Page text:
What started in 2005 with Destroy All Humans has somehow ended up here at Path of the Furon. This was once a quirky, funny take on ‘50s sci-fi that has now flatlined into an unfunny, unoriginal, spin on the 1970s. Path of the Furon is an example of what can go wrong, will go wrong.
Crypto is an alien who likes anal probing. He’s here to take over the world, and has been doing so for the better part of three decades (you would think they’d be done by now). Anyway, this open world title offers little of what fans expect from this genre, especially with the bar constantly being raised with the likes of GTA IV and Saint’s Row.
While the competition has heated up, Furon has cooled. There is almost no innovation since the original in 2005. This feels exactly the same, with similar mission types, guns, and flying combat in a UFO. The latter remains the best part of the game, and with new weapons, blowing up buildings remains a blast. Unfortunately, much of the game takes place on the ground.
Missions feel similar, or unclear. In one early quest, Crypto must snag toxic waste from a military base to fuel his UFO. Halfway through, the army begins an assault which is impossible to survive on the ground. Since you’re trying to get fuel for the UFO, it doesn’t make sense to get into it to survive the strictly human attack, but that’s exactly what you’re supposed to do.
Countless missions have the player walking around, reading people’s minds to find the right one. You take over the body, and then proceed to dupe someone through an inane dialogue tree. Crypto’s strictly male voice hardly makes sense when in the body of woman, yet the people still fall for it. To make matters worse, dialogue doesn’t always load correctly. Characters will either stand there doing nothing before moving on (keep the subtitles on to ensure you hear everything), or the camera will stay still until the words do load.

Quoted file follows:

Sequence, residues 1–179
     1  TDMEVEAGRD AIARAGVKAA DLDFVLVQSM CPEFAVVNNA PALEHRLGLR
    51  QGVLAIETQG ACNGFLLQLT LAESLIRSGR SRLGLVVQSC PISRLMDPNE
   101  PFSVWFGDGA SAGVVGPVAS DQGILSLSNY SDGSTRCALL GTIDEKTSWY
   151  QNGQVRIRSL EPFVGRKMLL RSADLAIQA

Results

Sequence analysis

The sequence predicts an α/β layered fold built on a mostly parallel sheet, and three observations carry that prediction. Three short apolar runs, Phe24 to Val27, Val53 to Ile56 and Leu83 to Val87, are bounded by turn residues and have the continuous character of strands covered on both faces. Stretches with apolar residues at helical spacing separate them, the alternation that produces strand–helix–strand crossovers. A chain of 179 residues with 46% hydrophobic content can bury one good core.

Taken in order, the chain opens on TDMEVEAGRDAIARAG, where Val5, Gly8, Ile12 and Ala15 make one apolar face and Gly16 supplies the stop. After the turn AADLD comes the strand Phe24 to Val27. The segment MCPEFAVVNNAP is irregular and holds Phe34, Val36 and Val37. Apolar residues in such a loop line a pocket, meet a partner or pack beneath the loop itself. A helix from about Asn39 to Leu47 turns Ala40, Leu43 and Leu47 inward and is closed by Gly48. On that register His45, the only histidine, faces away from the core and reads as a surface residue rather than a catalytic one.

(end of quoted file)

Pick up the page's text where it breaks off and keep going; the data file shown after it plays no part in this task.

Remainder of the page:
Despite brining nothing new to the table, Path of the Furon is an unforgivable technical mess. Glitches are rampant, from both a visual and technical standpoint. Crypto becomes stuck in buildings, enemies begin spinning around at random, dead foes have their hats float around, and the camera goes crazy when taking over the body of another human.
On top of that, the game is unbelievably ugly. This would have been at home in the first generation of the PS2, with unforgiveable pop-up, slowdown, frame rate dips, and weak effects. Building collapses are initially impressive until you realize it’s the same animation every time.
It’s not that the Destroy All Humans series has fallen. It’s simply failed to move up. Stale writing, familiar gameplay, and loads of technical problems hinders this fourth sequel every step of the way. Even the most ardent Crypto fanatics should be advised to avoid this slop.